Tracey Emin: My Life In A Column

'Scotland is very romantic and unspoilt. It's easy to feel spiritually involved, to imagine ghosts and mystic worlds'
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I'm sitting here trying to see what I can write, and it's different from thinking, because I have my eyes open and I'm staring beyond everything in front of me. Further than the beef and horseradish sandwich in my hand, past the paperwork on the desk, past the scrawny handwritten word "Uganda" and a long, long way past the window in front of me.

I can see all these things but my eyes are pierced sharp into a loch; a deep, deep, beautiful, ice-cold loch. I'm in Scotland and I'm standing next to somebody I love and it's like a strange surreal dream. The water is icy still and the sun, a cold lemony winter yellow, shines across the loch like a Nordic pathway. Even though I am in Scotland I feel like I'm in Scandinavia. I feel like I'm standing in an Edvard Munch painting.

Everything is slow motion, I think of a title of the painting that I'm standing in. Maybe The Lover's Conversation, The Reunion, all sounds a little bit clichéd but it has to be in the early 1900's Munch mode when great paintings were titled, such as Three Girls On A Bridge, Jealousy, The Dance, The Sick Child – paintings that had meaning for the person making them, which then transmitted meaning to the person viewing them. It was all done in a very simple alchemic referral.

Three times last weekend whilst in Scotland, I had the most incredible déjà vu's. They scared me. It wasn't as simple as "I think I've been here before," it was as though I was re-treading my footsteps.

We went past one loch, pitched deep between bleak, gargantuan hills and on top of the hills were even bleaker, jagged mountain ranges. As we drove past the loch I looked between the winter trees and I said: "God that place is really dark there." We both nodded in agreement. I said I imagined something from the dead rowing across the water.

These lochs, it really is as though they are gateways to another world. But this one loch in particular seemed so dark, as though light had never shone on it. The kind of place that makes me feel ill at ease just thinking about it. I should stop thinking about it.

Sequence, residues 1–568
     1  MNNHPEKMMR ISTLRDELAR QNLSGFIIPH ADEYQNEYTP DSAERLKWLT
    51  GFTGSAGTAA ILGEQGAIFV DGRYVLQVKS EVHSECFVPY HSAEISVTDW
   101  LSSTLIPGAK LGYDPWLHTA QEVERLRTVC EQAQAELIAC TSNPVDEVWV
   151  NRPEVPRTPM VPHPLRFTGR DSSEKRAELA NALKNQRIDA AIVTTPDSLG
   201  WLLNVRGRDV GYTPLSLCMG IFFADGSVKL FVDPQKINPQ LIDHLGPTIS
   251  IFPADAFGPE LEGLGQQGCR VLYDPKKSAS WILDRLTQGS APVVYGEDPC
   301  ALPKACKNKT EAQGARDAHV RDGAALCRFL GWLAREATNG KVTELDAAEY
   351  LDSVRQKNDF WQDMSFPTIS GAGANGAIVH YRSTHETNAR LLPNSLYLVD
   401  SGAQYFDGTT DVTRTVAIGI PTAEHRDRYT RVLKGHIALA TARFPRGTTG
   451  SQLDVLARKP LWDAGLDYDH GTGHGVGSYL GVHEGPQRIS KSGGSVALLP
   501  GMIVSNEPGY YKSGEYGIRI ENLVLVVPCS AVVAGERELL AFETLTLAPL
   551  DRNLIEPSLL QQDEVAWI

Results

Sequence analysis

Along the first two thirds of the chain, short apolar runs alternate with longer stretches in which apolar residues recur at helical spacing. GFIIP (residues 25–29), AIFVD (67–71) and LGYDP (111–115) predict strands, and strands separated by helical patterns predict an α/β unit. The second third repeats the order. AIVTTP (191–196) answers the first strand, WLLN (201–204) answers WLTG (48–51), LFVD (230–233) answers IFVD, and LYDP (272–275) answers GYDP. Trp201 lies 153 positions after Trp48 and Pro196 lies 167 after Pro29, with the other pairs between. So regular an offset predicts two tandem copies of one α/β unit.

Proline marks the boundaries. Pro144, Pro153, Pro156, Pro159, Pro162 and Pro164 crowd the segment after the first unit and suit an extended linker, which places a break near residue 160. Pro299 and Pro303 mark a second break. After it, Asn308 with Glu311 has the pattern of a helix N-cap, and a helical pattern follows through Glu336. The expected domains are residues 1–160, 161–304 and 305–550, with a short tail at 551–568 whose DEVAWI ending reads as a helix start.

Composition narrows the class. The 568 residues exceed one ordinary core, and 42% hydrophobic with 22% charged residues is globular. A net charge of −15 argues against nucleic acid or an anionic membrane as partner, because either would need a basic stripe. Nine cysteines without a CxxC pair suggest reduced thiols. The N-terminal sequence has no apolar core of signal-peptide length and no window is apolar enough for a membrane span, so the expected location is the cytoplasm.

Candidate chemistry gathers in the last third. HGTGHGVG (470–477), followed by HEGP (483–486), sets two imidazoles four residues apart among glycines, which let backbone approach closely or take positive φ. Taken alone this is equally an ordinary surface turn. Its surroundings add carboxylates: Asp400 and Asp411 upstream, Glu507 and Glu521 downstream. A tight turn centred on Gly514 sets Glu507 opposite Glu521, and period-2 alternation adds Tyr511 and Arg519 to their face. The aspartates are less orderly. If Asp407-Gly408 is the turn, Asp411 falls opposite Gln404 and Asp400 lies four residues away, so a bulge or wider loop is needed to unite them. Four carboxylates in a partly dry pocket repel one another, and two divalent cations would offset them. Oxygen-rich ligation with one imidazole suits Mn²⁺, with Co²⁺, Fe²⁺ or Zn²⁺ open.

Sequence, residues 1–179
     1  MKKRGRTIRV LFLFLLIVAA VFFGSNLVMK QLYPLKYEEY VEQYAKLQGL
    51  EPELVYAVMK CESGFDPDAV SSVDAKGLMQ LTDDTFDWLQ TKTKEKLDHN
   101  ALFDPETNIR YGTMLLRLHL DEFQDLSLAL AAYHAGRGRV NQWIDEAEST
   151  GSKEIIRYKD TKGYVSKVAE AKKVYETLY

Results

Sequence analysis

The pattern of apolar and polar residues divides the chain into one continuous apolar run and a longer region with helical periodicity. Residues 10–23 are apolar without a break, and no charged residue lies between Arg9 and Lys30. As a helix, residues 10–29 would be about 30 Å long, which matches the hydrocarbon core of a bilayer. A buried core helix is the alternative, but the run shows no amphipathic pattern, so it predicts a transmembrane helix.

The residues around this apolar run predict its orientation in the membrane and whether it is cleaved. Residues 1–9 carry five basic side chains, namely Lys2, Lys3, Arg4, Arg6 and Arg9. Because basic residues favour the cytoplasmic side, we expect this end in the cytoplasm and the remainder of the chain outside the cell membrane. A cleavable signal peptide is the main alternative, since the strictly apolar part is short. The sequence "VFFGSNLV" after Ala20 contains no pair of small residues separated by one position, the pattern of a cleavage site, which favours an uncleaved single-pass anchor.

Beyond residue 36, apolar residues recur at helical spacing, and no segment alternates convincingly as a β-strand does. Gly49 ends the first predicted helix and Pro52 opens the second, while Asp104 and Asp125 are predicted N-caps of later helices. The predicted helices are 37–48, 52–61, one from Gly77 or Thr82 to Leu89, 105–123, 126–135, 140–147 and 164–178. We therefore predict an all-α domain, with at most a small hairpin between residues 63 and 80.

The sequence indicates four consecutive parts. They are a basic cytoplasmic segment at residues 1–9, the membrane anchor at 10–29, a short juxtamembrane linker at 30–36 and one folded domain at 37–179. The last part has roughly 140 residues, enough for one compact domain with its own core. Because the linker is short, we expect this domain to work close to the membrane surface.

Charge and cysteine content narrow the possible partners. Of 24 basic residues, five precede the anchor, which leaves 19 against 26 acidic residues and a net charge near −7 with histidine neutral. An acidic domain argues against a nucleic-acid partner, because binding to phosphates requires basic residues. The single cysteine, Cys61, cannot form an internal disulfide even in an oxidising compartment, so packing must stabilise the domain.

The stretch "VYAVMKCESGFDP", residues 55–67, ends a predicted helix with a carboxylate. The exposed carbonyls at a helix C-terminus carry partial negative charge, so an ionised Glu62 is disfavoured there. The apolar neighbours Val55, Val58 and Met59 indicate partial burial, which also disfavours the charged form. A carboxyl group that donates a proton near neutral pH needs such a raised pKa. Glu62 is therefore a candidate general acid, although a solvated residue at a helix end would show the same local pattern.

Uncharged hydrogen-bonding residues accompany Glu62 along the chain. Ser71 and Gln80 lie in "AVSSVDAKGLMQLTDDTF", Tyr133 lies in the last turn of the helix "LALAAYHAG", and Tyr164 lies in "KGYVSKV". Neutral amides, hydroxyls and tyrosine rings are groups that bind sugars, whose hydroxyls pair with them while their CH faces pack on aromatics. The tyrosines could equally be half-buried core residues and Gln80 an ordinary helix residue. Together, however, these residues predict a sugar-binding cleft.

All this week I've felt ill at ease, nervous and slightly sleepless. Scotland is very romantic and very beautiful and very old, it seems so much older than England. Maybe it's because so much of it is unspoilt and it's easy to feel spiritually involved, to imagine ghosts and mystic worlds, when things are so natural and nature rules.

I wonder if as human beings we become physically ill when deprived of nature. I thrive in an urban landscape, I breathe bricks and stone, pavements, streetlamps, shops and traffic lights. For years this has been my natural habitat. It's where I feel comfortable.

But in truth it's years since I felt comfortable. Sometimes I have small sleeps where upon waking I feel that my soul has been replenished and a certain degree of poison has left my body naturally to join the ether and slowly disappear.

I'm sure that we have strange stains of ourselves floating smeared but yet invisible, creating strange atmospheric patterns on the earth. That's the kind of thing that Edvard Munch painted. The kind of thing Ibsen wrote about. The invisible things that are there, that make themselves known within our daily existence.

Every night when I go up to bed I have a tray. Sometimes hot milk, sometimes herbal tea, but usually full with a book, telephone, Blackberry, whatever usual paraphernalia I feel is necessary to sleep with. Docket will run ahead of me at each flight. I usually have the landing lights on due to the fact that I'm afraid of the dark. I know that my carbon emission trail is going to burn me in hell but my fear of the dark unfortunately far out weights the decline of our planet. But this week, the night of the earthquake (just to keep things low key), as I came up the last flight of stairs to my bedroom the night light wasn't on.

As Docket ran ahead, I placed the tray at the top of the stairs and fumbled for the light of my bedroom. Just for a moment, as I stared across the room, I saw someone sitting on the end of my bed. Instead of being totally afraid I just stood there staring at this dark apparition. I thought to myself, imagine how frightening it would be if it was a real person sitting there! And at that, as I turned on the light, picked up my tray, a few quick meows from Docket, the apparition vanished.

I used to think that darkness came from fear, but now maybe, just sometimes, the dark comes to comfort us. As Friedrich Nietzsche once said to Munch: "The darkness has not come to take you away. It has come to embrace you." I just made that up. Hee hee.

I went to Edvard Munch's studio – a tiny wooden house on the edge of a fjord. The thing that really amazed me was the telephone by his bed. I remember picking up the receiver and saying in a deep Norwegian accent: "Allo, Edvard Munch here." I actually held the receiver – the earpiece to my ear, the mouthpiece to my mouth – that Edvard Munch held all those years ago. And for so many years I had studied Edvard Munch and his paintings but never in my wildest moments of my imagination did I ever imagine him laying in bed on the telephone. Yes, with a broken heart, surrounded by apparitions, but never attached to the world by a telephone line.

Tonight I will go to bed with my pot of tea and my cat, and no doubt after I have made peace with the ghost I will punch out a few poetic lines on my Blackberry and send it out into the ether where all invisible things belong. Long live the darkness.

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